THE AISLE SEAT - by Mike McGranaghan

"GEORGE A. ROMERO'S LAND OF THE DEAD"

George A. Romero invented the modern zombie movie with his seminal 1968 classic Night of the Living Dead and its sequels: Dawn of the Dead and Day of the Dead. In the past two years, zombie movies have come into vogue again with Danny Boyle’s 28 Days Later, Edgar Wright’s Shaun of the Dead, and Zack Snyder’s remake of Dawn of the Dead, all of which were box office hits. This is therefore a perfect time for Romero to step back into the ring, which he does with the fourth film in his zombie series, Land of the Dead.

As the film opens, we learn that a group of humans has managed to fend off the zombies by barricading themselves inside a city that is surrounded on two sides by rivers. Fences have been put up to keep the zombies out of this area on the side not protected by water. The poor people live in slums or on the street; rich people can live in a posh high-rise called Fiddler’s Green, the interior of which contains not only apartments, but restaurants and stores as well. In other words, the wealthy can live a life not unlike that to which they are accustomed while keeping the zombies (and the poor folk) out. Fiddler’s Green is owned by the wealthy Mr. Kaufman (Dennis Hopper).

John Leguizamo plays Cholo, part of a salvage crew that occasionally ventures out into the zombie-infested parts of the region in an armored truck called the Dead Reckoning. Their job is to loot “essential items” from abandoned stores and homes. These items can be as necessary as medication or as frivolous as booze. Cholo frequently delivers supplies to Kaufman and is enraged when he’s denied an apartment inside of Fiddler’s Green. He steals Dead Reckoning and announces his plan to use its weapons to destroy the high rise. Kaufman calls in the truck’s designer, Riley (Simon Baker), to locate it and stop Cholo. Riley has just retired after years of working with Cholo and there’s no love lost between the two.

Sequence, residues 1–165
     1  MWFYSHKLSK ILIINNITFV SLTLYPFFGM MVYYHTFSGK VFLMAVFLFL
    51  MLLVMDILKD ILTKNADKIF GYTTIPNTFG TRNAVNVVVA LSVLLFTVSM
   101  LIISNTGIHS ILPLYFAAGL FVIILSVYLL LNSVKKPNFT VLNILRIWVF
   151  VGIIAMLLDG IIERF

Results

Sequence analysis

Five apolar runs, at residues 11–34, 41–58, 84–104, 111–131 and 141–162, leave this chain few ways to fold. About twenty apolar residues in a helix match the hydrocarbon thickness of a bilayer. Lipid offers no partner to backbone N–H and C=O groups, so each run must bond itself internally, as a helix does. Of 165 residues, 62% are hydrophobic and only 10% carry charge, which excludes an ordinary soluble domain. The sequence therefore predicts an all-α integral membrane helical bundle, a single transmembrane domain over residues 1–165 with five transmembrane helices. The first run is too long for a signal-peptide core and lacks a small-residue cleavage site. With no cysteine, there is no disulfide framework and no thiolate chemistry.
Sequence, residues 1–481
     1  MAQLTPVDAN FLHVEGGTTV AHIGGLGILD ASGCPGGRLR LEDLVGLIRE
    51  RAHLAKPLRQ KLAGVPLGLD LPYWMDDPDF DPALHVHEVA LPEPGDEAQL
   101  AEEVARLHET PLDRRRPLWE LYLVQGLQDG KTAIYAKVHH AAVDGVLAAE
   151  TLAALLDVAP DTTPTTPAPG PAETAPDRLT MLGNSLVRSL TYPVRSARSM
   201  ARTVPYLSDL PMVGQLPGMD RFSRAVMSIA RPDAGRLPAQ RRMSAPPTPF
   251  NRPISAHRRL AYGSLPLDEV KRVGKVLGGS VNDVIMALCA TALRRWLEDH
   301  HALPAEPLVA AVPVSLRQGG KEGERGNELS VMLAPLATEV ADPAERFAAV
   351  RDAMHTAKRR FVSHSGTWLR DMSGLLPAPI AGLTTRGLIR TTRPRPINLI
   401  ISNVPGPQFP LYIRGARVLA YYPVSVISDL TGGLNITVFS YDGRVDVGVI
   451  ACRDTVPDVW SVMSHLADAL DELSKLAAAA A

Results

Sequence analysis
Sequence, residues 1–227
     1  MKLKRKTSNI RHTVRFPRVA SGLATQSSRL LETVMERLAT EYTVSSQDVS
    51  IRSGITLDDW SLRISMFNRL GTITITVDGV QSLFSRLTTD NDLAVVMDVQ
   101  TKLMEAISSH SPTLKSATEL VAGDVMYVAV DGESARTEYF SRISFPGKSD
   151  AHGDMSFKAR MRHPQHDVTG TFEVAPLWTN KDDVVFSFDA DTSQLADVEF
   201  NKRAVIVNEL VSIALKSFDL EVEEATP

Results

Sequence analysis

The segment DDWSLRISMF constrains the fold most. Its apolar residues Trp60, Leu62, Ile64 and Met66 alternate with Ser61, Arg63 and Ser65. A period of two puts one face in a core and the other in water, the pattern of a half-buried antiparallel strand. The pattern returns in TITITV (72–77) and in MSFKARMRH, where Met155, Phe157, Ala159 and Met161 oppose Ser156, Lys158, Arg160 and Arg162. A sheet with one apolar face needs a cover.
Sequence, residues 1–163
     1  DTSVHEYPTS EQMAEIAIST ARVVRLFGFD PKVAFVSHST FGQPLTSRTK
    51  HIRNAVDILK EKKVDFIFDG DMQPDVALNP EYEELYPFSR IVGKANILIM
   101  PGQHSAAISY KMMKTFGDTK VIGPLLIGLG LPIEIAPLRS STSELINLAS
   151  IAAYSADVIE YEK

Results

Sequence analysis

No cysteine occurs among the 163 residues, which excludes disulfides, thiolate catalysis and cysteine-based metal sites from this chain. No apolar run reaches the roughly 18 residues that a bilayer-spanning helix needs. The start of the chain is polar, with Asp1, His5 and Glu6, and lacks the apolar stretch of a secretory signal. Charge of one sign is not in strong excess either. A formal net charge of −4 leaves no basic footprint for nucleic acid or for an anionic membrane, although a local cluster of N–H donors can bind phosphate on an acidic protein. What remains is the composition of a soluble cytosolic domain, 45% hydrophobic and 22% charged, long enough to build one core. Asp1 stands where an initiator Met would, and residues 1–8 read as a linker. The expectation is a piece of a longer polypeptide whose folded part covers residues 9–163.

George Romero has always used zombie movies as a means to satirize or comment on society. This time, his theme is class warfare. When zombies have essentially taken over the world, the wealthy are able to live safely and comfortably while the poor have to fend for themselves. There’s very little (if any) compassion on display; it’s every man for himself in a Darwinian fight for life. The fact that Cholo is Hispanic adds a racial element to the theme. He’s apparently good enough to work for Kaufman but not good enough to live alongside him.

The director doesn’t stop there, though. While this class conflict is taking place, the zombies are getting smarter. They have apparently tired of aimless roaming and now spend their time trying to find some purpose for existing. A few of them loiter around a town park, banging on old musical instruments they have found. Another, known as Big Daddy (Eugene Clark), hangs around a gas station and squeezes the pumps. During a conflict with the salvage crew, he steals one of their guns and inadvertently figures out how to use it. (The scene calls to mind the first creation of fire by the cavemen.) Realizing that many of the objects lying around town have potentially beneficial uses for the zombies, Big Daddy leads a charge upon the city. He and the others eventually realize that the river can be crossed. On the other side, they crash through the fences and launch their own attack on Fiddler’s Green.